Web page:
TWICE—Yes or Yes
November 5th, 2018
TWICE enter a whole new phase of a fruitful but strained career on their latest mini-album. For roughly the past two years, TWICE have not only made strides in establishing themselves as a premier K-pop act, they’ve also managed to become one of the front-runners of a new generation of girl groups. Though not quite perceived as a ‘survival group’ in the same way as more recent acts IZ*one and fromis_9, TWICE have never been considered a ‘cutting-edge’ group either, with older fans deriding what they see as a conservative and infantile ‘cringe’ approach and preferring to praise more adult and musically adventurous groups such as Red Velvet or LOONA. Despite several singles such as “TT”, “Cheer Up,” and “Likey” impressing and putting the group ahead of the pack, they’ve always struggled to maintain their position in K-pop.
The group is often thwarted by a habitual need to release singles in opposition to the preceding ones, especially if the preceding single does less than anticipated. In the case of “Yes or Yes,” the ghost of the previous Japanese single “BDZ” and its failures have not quite been exorcised—literally, as JYP Entertainment have graciously managed to slip it onto the mini-album in a Korean rendition once again, as if the initial choice of tongue was what undermined the performance of easily the group’s worst single to date.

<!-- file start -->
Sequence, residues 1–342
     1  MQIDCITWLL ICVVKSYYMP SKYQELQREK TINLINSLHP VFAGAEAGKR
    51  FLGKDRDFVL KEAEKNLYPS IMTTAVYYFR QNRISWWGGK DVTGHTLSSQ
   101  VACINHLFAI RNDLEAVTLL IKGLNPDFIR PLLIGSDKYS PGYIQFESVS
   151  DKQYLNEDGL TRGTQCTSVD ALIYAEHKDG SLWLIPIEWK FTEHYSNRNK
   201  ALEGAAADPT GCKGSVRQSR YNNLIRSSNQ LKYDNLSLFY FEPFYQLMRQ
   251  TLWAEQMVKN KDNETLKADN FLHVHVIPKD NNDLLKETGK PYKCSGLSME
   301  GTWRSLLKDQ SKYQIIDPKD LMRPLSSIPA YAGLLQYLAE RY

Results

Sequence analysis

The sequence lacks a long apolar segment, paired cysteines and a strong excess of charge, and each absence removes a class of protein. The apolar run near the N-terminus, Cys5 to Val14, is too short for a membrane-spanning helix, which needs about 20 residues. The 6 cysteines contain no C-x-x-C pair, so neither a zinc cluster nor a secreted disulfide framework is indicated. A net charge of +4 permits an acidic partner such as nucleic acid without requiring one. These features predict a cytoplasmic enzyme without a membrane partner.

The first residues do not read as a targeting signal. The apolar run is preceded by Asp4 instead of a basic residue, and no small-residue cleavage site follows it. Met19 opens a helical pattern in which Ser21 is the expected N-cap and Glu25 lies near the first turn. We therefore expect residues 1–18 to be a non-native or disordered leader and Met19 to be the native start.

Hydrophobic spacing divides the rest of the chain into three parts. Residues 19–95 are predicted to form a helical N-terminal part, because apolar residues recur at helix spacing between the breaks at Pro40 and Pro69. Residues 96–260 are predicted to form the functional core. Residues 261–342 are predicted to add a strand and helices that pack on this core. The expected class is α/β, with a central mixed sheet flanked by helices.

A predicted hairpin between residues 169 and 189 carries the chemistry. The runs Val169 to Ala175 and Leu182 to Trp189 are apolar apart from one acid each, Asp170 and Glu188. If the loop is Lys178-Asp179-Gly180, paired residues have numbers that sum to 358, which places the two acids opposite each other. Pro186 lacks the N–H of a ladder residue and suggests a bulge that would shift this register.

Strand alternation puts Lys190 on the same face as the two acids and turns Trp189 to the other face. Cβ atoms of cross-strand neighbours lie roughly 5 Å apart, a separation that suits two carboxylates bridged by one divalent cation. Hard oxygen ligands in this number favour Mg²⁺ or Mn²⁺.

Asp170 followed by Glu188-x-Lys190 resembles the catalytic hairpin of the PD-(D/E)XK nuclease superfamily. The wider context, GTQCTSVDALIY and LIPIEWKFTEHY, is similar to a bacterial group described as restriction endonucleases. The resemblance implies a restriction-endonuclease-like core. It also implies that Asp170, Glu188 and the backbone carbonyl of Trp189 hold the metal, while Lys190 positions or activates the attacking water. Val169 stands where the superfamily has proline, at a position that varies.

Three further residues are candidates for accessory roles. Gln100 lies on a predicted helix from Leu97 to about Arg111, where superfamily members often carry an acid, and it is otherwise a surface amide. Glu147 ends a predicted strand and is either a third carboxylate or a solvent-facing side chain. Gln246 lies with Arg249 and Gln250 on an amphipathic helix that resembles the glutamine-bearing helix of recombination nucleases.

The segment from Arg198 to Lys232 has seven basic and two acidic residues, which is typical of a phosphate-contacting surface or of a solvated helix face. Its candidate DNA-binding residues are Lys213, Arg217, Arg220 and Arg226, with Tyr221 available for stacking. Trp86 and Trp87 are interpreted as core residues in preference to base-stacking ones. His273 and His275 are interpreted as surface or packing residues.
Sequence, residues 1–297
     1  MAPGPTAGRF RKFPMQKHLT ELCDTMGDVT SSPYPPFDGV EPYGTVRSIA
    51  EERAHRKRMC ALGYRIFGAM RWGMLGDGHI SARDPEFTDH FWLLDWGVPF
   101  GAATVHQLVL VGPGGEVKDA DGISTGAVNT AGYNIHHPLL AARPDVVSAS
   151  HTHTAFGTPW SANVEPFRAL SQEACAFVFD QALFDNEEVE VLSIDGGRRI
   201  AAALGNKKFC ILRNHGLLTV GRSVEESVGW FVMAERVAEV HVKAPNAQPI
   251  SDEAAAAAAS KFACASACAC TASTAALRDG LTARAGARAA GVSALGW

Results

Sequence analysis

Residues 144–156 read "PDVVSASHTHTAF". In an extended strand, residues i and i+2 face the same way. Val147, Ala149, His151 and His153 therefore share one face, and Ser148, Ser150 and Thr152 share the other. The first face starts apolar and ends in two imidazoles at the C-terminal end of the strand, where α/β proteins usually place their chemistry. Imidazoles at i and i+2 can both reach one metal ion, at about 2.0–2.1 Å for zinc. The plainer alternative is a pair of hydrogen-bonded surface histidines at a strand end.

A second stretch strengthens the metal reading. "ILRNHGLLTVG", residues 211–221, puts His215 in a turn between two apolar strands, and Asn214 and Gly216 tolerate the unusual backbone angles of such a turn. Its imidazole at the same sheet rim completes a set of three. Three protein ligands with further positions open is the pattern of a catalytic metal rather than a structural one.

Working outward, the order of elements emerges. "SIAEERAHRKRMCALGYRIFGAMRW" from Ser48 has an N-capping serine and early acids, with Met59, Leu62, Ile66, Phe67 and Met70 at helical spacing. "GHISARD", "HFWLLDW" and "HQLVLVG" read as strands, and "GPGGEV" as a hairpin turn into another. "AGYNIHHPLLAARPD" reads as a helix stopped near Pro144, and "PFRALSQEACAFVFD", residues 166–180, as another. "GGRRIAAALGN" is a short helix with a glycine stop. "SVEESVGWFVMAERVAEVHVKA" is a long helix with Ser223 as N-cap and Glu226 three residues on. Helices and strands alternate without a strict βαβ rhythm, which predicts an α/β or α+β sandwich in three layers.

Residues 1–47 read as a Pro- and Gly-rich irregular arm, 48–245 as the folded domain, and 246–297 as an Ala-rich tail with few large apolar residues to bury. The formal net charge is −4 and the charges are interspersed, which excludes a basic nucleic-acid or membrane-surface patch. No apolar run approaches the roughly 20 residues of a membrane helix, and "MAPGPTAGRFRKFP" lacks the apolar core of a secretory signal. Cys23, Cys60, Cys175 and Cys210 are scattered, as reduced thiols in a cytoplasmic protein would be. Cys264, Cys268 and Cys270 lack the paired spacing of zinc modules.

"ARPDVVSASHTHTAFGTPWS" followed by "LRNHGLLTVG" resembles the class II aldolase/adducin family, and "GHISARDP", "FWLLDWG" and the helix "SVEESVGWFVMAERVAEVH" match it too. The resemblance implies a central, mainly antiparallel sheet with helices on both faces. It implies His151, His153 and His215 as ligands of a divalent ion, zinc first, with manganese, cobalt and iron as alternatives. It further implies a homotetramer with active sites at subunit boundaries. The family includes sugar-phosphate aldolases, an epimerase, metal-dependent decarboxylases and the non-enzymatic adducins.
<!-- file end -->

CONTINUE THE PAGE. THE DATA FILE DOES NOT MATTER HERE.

“BDZ” is actually an apt representation of the problems surrounding TWICE and in particular its author, the “Asiansoul” himself. J. Y. Park and TWICE can be a fruitful pairing, resulting in great singles for the group such as “Signal” and this year’s “What Is Love?.” Yet consistent still is his grating need to homage the Spectorian/Brill Building classic era of pop as he’s done for previous acts he’s ‘tutored’ such as Wonder Girls and miss-A. These tics, while once a particularly unique trope to explore have now become an unflattering cliche, fitting alongside his love of juvenile toilet humor and suspect taste in underage group members to champion.